Before playing darts, Aspinall was a handy footballer and part of Manchester United's goalkeeping academy. He was even offered a deal by Glasgow Rangers, which he was forced down, as his family didn't want to move to Scotland.
He then played semi-professionally for Greater Manchester side Cheadle Town but after two years, he decided to hang up his boots.
Then, as a 17-year-old, he was introduced to darts and immediately showed signs of talent.
"I realised I wasn't going to make a living off football so I started playing darts with my grandad and dad at the local pub, and in my first year I won the men's individual title in my area," Aspinall recalls.
"I put in the hard yards and started to take it more seriously when I was about 21, when I was on the youth tour. I didn't know much about darts until then."
But he didn't realise how much hard work was required. He went on to win a PDC tour card, only to quickly lose it in 2017.
Aspinall promptly won it back, as he rediscovered his hunger for darts, and to compensate, he gave up his day job as an accountant to commit fulltime to the sport.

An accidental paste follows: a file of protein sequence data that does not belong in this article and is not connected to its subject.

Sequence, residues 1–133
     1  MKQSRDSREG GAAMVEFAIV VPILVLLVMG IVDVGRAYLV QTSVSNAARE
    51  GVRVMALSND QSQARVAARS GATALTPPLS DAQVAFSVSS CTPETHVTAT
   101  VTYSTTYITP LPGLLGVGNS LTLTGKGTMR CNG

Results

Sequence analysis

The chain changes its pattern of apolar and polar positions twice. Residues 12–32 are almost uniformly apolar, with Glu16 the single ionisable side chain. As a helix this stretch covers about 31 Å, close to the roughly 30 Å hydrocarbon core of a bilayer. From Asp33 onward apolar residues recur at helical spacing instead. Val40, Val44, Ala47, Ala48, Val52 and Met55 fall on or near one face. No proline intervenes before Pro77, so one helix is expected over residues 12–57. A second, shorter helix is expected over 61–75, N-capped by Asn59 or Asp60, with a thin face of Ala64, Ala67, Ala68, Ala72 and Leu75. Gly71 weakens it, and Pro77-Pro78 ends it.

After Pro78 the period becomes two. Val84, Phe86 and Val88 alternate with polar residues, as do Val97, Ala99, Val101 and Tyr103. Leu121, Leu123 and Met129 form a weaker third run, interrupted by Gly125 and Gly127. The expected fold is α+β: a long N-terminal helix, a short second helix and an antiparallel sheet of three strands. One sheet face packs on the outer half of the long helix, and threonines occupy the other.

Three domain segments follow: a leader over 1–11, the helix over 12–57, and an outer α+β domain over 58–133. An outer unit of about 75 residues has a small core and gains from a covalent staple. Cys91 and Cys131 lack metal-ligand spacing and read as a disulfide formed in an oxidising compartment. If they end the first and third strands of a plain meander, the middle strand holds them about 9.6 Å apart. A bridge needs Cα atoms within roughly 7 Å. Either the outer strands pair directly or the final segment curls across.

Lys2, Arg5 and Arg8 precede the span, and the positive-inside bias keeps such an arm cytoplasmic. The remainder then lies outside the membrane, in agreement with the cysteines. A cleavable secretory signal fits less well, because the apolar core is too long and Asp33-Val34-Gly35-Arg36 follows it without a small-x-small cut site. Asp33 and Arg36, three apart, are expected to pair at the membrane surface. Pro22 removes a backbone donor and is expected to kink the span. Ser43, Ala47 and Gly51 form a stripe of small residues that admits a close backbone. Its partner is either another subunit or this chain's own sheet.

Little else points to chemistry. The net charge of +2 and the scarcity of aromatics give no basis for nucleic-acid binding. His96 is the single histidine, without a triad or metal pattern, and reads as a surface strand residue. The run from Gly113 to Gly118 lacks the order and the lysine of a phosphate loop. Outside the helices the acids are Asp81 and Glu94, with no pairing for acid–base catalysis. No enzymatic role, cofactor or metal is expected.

"It needed to happen, I shouldn't have won my card," Aspinall admits.
"A guy from the local pub gave me the money and I was lucky to win it. I did the two years on tour and you feel that as soon as you have it, you've made it. But that's the easy part.
"When I lost my card, it hurt me, I couldn't even win games at my local, but I kept going on the challenge tour and to European qualifiers. I started making some of these events which gave me experience going into Q-School the following year.
"I realised how precious that card is and, as soon as I won it, I didn't want anyone taking it off me."
Initially, Aspinall struggled with his second chance, as early exits from tournaments limited his income.
With a partner and young kids to support, it was hugely challenging. At one stage, Aspinall recalls having just £20 in his bank account.
But in September 2018, a £10,000 (NZ$20,000) payday after winning the Player Championship 18 changed everything.
"I won that tournament and it kickstarted my career," says Aspinall.
"I'm proud of my achievements and I'm proud to have won a major and two televised titles.
"There are some amazing players that go their whole lives without winning so to have done everything I have in a few years is amazing."